Have you ever tried writing a book? How about a poem? Or maybe even a short story? If you haven't tried, maybe you should give it a whirl.
A long time ago, when I was in second grade, my teacher had us each write an original poem. "Think of your favorite thing, and write a poem about it," she said. Anyone who knows me will not be surprised that I wrote a little poem about my favorite cartoon character, Snoopy. I thought for a few minutes, then carefully handprinted my eight-line poem on lined paper, and handed it in. The next day, I was surprised to see my poem on the classroom bulletin board, with a big blue ribbon on it! I had won first place on the very first poem I ever wrote! I proudly took my poem and ribbon home and showed my mom, who promptly stuck in on the front of the refrigerator, where all great works of art are posted.
This is where my story takes a dark turn. I grew up with five feisty brothers (and no sisters...my poor mother!) and we were always up to some mischief. The next morning when I came down for breakfast, I found my award-winning poem on the floor...ripped in two! After much household drama that resulted in no one admitting they did it, and EVERYONE getting grounded, we taped the poem back together, and I still have it to this day. But the biggest thing I learned from this turn-of-events is this...I must be really good at writing poems if one of my brothers was jealous enough to tear it apart! As a result, I have been writing poetry ever since.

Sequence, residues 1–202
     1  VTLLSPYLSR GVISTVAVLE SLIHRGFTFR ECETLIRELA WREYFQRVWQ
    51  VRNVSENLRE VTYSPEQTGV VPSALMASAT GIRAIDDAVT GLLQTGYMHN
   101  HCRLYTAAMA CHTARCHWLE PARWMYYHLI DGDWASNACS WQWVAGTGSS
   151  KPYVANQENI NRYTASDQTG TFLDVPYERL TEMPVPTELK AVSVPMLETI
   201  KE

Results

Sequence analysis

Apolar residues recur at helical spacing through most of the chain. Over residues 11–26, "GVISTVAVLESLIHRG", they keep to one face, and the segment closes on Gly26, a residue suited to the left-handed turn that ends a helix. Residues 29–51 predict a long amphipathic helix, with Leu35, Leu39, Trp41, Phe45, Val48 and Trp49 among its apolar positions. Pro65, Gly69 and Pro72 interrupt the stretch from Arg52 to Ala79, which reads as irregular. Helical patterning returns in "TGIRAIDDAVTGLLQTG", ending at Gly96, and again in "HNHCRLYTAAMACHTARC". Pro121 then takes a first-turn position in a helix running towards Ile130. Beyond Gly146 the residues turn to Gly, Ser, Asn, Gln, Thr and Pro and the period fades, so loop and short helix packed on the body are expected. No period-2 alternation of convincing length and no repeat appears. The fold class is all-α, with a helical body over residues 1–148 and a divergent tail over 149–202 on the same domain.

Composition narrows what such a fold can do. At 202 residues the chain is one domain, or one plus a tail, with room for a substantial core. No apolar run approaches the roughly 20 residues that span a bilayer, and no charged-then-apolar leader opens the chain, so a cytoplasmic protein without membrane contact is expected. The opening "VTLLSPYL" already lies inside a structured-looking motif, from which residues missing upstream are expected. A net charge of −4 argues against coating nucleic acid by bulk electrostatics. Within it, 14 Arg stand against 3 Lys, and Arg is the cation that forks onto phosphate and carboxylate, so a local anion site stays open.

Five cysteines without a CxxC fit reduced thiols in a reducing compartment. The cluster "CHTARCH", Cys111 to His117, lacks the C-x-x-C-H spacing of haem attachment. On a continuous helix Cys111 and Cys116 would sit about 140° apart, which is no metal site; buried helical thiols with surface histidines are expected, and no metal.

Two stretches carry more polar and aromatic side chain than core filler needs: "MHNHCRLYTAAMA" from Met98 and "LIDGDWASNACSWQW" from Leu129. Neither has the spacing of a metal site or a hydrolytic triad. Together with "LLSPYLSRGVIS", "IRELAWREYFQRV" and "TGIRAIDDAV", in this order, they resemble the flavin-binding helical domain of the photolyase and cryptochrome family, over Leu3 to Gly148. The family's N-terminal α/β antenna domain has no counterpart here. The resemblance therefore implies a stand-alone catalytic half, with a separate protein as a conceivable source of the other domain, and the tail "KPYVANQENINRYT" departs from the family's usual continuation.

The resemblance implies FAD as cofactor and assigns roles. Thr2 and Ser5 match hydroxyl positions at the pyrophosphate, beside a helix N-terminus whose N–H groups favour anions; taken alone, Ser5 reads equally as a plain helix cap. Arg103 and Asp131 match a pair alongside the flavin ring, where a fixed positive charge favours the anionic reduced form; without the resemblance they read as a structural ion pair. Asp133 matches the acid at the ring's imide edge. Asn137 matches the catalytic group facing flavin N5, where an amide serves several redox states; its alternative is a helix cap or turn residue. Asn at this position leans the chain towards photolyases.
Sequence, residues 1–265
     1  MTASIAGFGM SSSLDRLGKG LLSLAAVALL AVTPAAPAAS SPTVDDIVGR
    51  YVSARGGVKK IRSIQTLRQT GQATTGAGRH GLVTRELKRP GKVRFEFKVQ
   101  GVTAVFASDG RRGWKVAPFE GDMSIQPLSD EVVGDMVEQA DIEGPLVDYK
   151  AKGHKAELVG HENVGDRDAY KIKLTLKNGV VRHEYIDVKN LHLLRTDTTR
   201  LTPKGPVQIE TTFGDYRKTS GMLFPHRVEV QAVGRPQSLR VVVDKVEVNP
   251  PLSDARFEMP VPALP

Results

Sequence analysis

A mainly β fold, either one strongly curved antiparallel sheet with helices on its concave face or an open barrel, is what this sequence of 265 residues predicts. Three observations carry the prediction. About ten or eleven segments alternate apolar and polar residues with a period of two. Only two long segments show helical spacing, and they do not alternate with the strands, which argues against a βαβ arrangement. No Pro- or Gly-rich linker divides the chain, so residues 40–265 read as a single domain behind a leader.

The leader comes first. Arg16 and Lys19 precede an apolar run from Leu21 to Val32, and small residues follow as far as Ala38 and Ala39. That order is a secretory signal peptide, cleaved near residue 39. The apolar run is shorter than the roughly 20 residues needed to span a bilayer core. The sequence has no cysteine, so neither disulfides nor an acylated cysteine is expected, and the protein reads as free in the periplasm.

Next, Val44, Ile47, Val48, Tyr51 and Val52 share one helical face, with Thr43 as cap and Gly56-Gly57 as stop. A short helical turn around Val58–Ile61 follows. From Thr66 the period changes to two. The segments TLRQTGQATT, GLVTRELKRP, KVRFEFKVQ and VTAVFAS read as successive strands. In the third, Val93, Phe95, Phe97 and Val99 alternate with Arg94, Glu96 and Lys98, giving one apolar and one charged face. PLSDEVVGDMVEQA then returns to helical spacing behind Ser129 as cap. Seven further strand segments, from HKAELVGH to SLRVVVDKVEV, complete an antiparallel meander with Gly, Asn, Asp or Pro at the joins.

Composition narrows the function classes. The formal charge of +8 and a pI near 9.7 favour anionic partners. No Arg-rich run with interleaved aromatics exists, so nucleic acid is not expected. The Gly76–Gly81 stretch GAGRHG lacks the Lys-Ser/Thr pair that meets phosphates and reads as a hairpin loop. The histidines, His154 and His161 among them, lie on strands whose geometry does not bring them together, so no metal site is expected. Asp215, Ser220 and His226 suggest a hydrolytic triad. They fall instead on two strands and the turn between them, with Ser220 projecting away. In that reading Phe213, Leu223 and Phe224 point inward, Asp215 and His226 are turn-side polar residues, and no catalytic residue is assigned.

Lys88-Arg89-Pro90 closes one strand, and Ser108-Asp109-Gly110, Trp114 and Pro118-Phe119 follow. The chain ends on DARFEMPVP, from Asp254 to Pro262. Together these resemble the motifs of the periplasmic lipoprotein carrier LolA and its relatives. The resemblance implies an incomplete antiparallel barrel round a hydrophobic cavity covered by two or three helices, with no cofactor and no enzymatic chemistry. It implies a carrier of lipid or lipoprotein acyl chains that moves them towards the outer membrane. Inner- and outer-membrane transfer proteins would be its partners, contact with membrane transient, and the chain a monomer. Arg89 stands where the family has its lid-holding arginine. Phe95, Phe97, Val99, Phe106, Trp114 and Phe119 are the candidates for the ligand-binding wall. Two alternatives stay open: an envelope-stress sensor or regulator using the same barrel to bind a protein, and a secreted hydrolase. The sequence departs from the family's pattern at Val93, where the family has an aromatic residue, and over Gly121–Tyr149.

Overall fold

But I can hear some of you now saying you are too old to start writing books. Nonsense! Some of the world's greatest authors got a very late start in their writing career. Take James A. Michener, for example. You might know his Tales of the South Pacific, which won a Pulitzer Prize and went on to be adapted into a highly successful Broadway musical. He did not start writing until age 40, but then wrote a book a year for the next 40 years!
Laura Ingalls Wilder did not have any writing success until she was 65 years old when Little House in the Big Woods was published. Many of her stories were based on her real-life experiences, so perhaps she needed to live much of her life first before trying to write it down.
Toni Morrison was 40 years old when she wrote The Bluest Eye. She continued to write for the rest of her life, eventually winning a Pulitzer Prize and a Nobel Prize in Literature. Mark Twain was 48 when The Adventures of Tom Sawyer and The Adventures of Huckleberry Finn were published. Let's not forget the J. R. R Tolkien was 45 before he had any success in writing. Then he went on to become the "father" of modern fantasy literature with books like The Hobbit and The Lord of the Rings trilogy.
That should be enough proof that it's never too late to try your hand at writing what could become the next great novel. If you do get your book published, we would love to have it available for checkout from the Tillamook County Library! And if you are still looking for a topic to write about, I have first-hand experience (and a faded blue ribbon) that proves Snoopy makes an excellent subject.